Saturday was the first EdCamp Baltimore, hosted by the Digital Harbor High School located along the Inner Harbor. I left home with the sun rising in my rearview mirror, and arrived with plenty of time to get signed in and settled in. One of the (many) things I love about edcamps is how friendly everyone attending is. You just don’t get the cranky, uncommunicative attendees who do their best to stay in their own little bubbles, even on a gorgeous Saturday afternoon. Within about five minutes of sitting down, I had made several new friends and we were chattering excitedly about the day. I always leave edcamps with my PLN even larger and more varied than before.
The session board for the day filled up amazingly fast! They had to open up an extra room just to accomodate all of the sessions being posted. I had two topics of my own on the board – iPads in Education and Tech Tools for Teachers. Both sessions went wonderfully well. In Tech Tools we had a busy hour sharing our favorite tech tools. We ran the gamut from Symbaloo and Class Dojo, to Pinterest and Brain Breaks! We probably could have gone on for another hour, given the time. The iPad session was another success. We had a rousing round-table style discussion where everyone shared their successes and problems, and answered and asked questions about deployment, curriculum, and apps. I jokingly referred to it as ‘Things I Wish I Knew BEFORE Starting an iPad Pilot’!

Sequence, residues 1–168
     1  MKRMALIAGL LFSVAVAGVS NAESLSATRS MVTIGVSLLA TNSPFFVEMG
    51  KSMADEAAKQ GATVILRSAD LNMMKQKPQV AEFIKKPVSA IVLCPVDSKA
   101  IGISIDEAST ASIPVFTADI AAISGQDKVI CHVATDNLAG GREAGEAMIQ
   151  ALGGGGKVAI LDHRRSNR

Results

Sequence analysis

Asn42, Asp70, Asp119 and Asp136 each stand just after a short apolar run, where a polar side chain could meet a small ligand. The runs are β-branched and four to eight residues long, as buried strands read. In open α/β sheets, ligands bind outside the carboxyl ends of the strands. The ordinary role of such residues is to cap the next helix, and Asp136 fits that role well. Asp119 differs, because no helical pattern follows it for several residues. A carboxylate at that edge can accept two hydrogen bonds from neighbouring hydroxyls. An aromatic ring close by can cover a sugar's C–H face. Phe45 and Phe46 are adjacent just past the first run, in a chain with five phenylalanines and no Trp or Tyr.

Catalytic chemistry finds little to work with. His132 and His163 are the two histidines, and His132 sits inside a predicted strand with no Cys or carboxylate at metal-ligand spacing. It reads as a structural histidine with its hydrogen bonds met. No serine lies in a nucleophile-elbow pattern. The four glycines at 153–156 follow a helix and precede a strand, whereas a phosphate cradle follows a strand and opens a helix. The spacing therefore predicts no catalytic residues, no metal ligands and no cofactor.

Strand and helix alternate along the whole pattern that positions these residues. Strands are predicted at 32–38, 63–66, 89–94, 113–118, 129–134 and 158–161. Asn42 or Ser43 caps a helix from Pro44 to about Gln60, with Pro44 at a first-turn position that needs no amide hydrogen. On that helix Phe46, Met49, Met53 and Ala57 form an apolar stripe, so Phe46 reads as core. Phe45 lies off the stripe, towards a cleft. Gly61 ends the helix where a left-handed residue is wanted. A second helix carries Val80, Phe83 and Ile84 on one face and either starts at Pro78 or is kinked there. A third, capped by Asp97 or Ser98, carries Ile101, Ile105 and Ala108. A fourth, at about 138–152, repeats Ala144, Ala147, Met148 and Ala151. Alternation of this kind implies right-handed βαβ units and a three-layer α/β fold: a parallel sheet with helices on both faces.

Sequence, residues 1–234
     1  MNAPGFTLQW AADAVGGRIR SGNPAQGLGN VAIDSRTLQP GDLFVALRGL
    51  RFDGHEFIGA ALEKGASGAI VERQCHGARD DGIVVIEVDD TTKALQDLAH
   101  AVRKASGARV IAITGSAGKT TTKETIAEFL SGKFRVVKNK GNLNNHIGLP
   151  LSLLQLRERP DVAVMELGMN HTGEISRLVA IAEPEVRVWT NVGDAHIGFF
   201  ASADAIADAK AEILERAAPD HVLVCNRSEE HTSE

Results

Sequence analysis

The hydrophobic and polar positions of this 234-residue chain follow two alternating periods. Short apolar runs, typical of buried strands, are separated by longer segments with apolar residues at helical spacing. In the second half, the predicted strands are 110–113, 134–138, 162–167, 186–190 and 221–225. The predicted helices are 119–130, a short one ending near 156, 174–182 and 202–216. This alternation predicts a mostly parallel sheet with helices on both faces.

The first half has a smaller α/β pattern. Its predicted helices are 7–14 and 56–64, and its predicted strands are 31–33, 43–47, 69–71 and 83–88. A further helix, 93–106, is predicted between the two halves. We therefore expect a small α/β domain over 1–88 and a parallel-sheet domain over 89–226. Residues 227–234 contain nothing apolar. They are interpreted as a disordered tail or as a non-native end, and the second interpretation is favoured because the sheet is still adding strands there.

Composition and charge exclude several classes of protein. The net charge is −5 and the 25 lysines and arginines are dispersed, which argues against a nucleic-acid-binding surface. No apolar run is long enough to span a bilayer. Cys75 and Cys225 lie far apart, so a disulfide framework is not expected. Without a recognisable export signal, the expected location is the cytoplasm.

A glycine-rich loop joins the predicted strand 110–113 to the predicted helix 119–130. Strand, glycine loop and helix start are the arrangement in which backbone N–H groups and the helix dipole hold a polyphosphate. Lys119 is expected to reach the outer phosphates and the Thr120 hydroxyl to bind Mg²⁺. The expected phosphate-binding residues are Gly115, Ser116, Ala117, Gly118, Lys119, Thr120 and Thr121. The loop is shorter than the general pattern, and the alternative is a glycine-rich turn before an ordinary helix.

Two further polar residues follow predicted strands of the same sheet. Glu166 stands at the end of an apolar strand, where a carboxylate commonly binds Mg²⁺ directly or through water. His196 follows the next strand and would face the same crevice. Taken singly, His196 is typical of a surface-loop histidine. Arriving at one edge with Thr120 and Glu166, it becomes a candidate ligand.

The other two sessions I went to were just as good. I joined a packed room for a discussion about teacher collaboration in the digital age, and we were able to share the discussion with the folks at EdCamp MSP as well as a principal in a NJ school using Google Hangouts. It was a great example of how we are changing the way we connect, both personally and professionally. The other session I attended was on social media in education. Although we briefly covered sites like Pinterest, we mostly focussed on the ways to use Twitter in the classroom. There were some fantastic ideas shared, including using Twitter to find/discuss current events, and using a class hashtag to share discussions on a specific topic. I’m already a Twitter convert in terms of using it for professional development, so it was a nice change to talk about how to use it with students to enhance curriculum.
We wrapped up our day with a fast paced Smackdown, where we shared apps, websites, and ideas. They had a ton of great raffle prizes, and I was excited to win a subscription to EduBlogs! Can’t wait to get my account info and try it out! I finished up my day driving home with the sun setting in my rearview mirror as I reflected on all of the new ideas EdCamp Baltimore gave me. Looking forward to the next one!
You can read all of the great tweets from the day here!